I had the pleasure of a walk through Schinkel’s Mitte last week, past the site where the replica Humboldt palace is being constructed. It gets bigger every time we visit and it’s easy now to see the replica brickwork and the dome really taking shape.
I’ve never been sure how I feel about this über-restoration project. When I first visited Berlin around 2005 I loved the GDR’s Palace Of The Republic, which for 30 years or so sat on the same site. Its austere brown mirrored glass replayed the majesty of the nearby Berliner Dom and the TV tower, and the sunsets seen through it were magical. If we’d had instagram back then I would have had a lot of fun. The link above has pictures of the incredible interior, too.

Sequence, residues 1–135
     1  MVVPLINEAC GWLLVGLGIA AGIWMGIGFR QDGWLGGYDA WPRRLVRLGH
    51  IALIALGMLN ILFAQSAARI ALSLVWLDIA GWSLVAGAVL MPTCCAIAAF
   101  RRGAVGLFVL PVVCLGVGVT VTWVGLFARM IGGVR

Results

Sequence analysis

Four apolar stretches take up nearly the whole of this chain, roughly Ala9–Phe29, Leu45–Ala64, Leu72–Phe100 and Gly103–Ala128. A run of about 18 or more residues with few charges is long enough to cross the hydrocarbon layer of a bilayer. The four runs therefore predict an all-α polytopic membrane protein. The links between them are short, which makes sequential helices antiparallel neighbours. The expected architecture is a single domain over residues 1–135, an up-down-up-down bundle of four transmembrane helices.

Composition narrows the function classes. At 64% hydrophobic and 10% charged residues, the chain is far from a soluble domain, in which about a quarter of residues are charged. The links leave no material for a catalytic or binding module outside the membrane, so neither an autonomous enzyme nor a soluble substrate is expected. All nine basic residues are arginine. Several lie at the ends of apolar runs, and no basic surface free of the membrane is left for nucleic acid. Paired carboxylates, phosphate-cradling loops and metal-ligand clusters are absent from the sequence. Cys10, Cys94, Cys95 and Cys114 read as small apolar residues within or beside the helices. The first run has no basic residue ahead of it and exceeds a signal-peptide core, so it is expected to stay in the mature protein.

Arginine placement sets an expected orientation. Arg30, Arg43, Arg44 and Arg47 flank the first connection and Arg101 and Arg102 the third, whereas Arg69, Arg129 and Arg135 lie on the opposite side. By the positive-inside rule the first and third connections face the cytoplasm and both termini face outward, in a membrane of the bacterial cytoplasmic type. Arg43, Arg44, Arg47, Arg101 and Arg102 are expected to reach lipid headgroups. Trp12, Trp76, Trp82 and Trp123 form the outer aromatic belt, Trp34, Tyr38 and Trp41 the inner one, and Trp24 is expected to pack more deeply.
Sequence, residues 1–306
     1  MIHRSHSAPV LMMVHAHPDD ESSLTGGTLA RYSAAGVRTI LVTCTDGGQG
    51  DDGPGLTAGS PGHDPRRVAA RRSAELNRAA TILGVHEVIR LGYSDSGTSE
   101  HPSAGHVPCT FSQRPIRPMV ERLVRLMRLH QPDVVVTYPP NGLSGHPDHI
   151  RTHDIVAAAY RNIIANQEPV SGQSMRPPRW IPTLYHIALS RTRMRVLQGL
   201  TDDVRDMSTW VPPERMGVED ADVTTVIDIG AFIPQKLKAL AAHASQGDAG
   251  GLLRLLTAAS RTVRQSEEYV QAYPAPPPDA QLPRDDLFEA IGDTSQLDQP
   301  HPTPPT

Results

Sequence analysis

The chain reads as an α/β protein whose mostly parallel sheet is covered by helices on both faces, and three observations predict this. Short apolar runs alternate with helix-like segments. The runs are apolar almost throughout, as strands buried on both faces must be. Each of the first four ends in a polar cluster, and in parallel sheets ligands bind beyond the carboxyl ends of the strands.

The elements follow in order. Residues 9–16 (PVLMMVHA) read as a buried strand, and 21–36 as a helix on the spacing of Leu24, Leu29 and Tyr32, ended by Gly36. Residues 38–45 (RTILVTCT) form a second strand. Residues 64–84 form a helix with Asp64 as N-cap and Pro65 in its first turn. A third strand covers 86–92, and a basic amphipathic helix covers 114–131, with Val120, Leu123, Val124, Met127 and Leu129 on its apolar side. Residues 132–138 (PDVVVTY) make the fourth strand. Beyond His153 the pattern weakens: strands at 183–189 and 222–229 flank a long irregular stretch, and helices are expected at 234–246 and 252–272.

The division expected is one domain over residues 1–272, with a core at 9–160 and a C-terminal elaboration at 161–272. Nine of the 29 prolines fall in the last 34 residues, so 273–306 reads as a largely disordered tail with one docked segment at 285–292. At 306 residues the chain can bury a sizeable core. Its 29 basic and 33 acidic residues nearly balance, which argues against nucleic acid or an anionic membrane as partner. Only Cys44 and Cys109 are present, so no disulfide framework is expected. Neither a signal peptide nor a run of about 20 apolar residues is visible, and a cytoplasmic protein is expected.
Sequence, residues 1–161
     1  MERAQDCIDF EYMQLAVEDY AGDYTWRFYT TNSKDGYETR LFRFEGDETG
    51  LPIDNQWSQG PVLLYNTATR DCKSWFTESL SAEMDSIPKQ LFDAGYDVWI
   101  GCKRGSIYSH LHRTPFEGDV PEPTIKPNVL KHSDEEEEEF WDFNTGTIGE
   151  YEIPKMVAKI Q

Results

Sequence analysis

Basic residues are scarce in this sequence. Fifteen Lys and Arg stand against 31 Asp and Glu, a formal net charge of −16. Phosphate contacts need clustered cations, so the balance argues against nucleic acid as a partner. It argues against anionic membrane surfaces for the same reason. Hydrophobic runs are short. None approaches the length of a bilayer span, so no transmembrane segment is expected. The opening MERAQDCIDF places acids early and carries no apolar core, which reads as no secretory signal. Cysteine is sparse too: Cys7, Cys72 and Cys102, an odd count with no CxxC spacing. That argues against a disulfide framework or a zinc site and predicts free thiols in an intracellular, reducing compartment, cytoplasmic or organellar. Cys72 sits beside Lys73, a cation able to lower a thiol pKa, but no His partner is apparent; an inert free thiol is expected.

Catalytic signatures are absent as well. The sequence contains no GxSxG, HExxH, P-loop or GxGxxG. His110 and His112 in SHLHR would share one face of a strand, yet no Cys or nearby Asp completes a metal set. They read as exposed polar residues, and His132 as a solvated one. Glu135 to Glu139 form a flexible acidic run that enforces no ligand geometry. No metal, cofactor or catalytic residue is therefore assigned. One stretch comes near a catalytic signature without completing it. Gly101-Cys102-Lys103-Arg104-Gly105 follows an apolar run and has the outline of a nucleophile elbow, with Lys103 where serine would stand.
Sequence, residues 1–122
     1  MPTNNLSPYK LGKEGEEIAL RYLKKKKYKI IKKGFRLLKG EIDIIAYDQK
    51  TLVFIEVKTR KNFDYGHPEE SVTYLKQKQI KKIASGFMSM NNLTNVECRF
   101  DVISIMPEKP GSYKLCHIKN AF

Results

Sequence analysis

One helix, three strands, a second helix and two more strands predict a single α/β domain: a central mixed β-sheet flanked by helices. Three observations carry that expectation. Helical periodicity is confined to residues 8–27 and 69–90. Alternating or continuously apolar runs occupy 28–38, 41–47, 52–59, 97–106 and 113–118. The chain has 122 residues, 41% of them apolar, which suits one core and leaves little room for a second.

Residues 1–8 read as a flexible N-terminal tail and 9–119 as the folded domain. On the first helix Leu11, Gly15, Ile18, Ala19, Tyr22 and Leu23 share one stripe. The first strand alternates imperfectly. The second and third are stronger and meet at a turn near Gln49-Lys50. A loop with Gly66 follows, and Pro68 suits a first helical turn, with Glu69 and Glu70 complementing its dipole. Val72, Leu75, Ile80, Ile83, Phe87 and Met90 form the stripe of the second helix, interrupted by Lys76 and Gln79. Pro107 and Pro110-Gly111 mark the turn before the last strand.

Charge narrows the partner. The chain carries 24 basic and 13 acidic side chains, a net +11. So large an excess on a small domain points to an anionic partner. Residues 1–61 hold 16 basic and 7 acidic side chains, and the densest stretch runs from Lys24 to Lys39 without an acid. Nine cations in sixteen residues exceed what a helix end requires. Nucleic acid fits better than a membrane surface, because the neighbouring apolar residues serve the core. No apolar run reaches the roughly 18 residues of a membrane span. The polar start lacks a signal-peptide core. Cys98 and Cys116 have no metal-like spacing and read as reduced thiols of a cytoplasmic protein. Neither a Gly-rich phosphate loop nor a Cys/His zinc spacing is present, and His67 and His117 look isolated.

Now that is gone, and the history of Prussian greatness is being restored in this most elaborate of ways. It will be definitely beautiful, and the whole area will certainly have a consistency that celebrates Berlin’s age-old importance as a city.
But over the road at the Dom I realised why I’m uncomfortable with the whole thing. Looking at the patchwork shrapnel repairs I was overcome by what a powerful symbol they are of what the city and her people have been through. Street architecture has always worked in a similar way for me, spotting building styles of old to get a sense of what life must have been like for people before me, whether industrial or gentile.
I feel a great sense of loss that such an important monument to the post-war struggle has been wiped from the city in favour of an expensive pastiche, but perhaps in 30 years this will make great stories for tour guides as well, if it’s still standing.